Throughout history gardeners in coastal regions have recognized the benefits of the slimy green “gold” that washes up along the shore. The algae and kelp which can litter sandy beaches after a high tide can be a nuisance to beach-goers or workers as the common name “seaweed” implies. However, after using seaweed in the garden, you may see it more as a miraculous gift from Poseidon than a nuisance. To learn how to make seaweed fertilizer, read more.
Using Seaweed as Fertilizer for Plants
There are many benefits to using seaweed in the garden, and many different ways to use it. Like most organic material, seaweed improves soil structure, increasing soil porosity while also improving moisture retention. Nutrients in the seaweed also stimulate beneficial soil bacteria, creating rich, healthy soil for flowerbeds or edible gardens. For this purpose, dried seaweed is tilled or turned directly into the garden’s soil. Dried seaweed can also be put into compost piles, adding a power punch of nutrients. In some regions, shorelines are protected areas, including the seaweed. Collecting from some beaches is often prohibited. Do your homework before collecting seaweed from beaches to avoid penalty. In areas where seaweed is free for the taking, experts suggest collecting only fresh plants and using a burlap or mesh bag to carry them. Only collect what you need, as extra seaweed can quickly become a slimy, smelly mess as it decomposes.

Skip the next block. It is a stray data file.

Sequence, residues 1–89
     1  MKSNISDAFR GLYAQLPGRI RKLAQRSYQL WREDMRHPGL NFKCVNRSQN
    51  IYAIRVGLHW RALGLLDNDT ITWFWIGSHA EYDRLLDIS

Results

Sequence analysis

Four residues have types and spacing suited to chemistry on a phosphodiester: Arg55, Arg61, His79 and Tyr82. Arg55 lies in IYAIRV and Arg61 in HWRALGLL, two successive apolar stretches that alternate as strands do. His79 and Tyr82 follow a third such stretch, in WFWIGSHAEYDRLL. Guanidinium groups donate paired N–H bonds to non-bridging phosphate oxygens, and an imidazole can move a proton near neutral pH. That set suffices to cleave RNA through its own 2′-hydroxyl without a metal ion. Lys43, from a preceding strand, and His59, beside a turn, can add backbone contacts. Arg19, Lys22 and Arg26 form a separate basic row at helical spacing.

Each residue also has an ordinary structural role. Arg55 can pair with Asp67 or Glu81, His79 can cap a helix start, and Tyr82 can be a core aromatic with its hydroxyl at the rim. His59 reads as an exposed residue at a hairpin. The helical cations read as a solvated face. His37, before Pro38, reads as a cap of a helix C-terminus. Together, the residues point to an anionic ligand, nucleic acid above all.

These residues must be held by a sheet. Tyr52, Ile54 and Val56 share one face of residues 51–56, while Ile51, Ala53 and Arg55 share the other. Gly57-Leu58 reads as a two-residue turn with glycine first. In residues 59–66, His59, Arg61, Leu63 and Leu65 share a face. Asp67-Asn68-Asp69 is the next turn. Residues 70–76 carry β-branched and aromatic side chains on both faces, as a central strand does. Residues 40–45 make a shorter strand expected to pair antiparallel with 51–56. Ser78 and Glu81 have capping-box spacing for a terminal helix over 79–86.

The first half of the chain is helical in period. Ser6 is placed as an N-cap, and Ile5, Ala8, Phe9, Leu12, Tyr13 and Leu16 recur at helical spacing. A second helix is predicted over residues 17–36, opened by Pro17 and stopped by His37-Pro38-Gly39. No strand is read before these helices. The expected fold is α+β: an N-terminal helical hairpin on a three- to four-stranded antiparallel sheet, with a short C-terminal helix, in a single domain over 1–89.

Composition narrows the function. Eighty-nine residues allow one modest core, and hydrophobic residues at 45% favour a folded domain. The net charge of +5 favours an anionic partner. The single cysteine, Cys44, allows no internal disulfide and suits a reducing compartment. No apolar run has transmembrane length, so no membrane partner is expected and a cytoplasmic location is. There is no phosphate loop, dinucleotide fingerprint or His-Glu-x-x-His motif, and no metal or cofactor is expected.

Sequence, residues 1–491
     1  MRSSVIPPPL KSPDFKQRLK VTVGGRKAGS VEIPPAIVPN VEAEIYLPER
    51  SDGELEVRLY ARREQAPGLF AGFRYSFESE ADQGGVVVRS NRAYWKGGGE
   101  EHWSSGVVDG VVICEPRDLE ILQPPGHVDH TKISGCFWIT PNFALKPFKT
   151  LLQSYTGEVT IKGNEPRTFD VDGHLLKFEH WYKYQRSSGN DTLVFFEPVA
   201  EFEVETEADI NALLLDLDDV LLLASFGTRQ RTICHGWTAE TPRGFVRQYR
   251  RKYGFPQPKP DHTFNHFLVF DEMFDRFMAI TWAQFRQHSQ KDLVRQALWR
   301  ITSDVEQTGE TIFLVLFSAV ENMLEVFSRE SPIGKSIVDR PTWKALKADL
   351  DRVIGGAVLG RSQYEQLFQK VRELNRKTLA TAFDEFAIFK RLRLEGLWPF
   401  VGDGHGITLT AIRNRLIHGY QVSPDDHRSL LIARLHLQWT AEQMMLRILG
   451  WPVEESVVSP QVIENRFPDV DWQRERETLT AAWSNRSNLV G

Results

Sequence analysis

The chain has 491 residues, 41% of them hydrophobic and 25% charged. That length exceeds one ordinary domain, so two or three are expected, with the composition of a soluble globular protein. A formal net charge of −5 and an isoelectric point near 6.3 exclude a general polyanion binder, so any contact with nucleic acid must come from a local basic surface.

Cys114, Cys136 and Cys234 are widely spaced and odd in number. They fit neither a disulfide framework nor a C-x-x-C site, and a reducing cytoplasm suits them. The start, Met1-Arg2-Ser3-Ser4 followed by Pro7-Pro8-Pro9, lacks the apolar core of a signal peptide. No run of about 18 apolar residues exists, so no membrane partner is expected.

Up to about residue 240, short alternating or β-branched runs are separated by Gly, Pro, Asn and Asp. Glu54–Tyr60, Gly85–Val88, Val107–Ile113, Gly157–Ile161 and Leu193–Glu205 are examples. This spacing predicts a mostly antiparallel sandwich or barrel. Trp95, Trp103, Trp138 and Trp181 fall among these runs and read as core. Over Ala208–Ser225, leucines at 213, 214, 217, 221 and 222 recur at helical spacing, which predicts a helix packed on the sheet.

How to Make Seaweed Fertilizer
There is disagreement amongst gardeners about soaking or rinsing fresh seaweed to remove sea salt. Some experts suggest soaking the seaweed for about an hour and/or rinsing it. Other experts argue that the salt is minimal and rinsing removes valuable nutrients. Either way, fresh seaweed is generally dried before being tilled into garden, mixed into compost bins, laid as mulch, or made into DIY seaweed fertilizer tea or powder. Once dried, seaweed can be used immediately in the garden or chopped up, mulched, or ground. DIY seaweed fertilizers can be made by simply grinding or pulverizing dried seaweed and sprinkling it around plants. DIY seaweed fertilizer teas are made by soaking dried seaweed in a pail or barrel of water with a partially closed lid. Infuse the seaweed for several weeks then strain. Seaweed fertilizer tea can be watered in at the root zone or used as a foliar spray. The strained remains of the seaweed can be mixed into compost bins or gardens.
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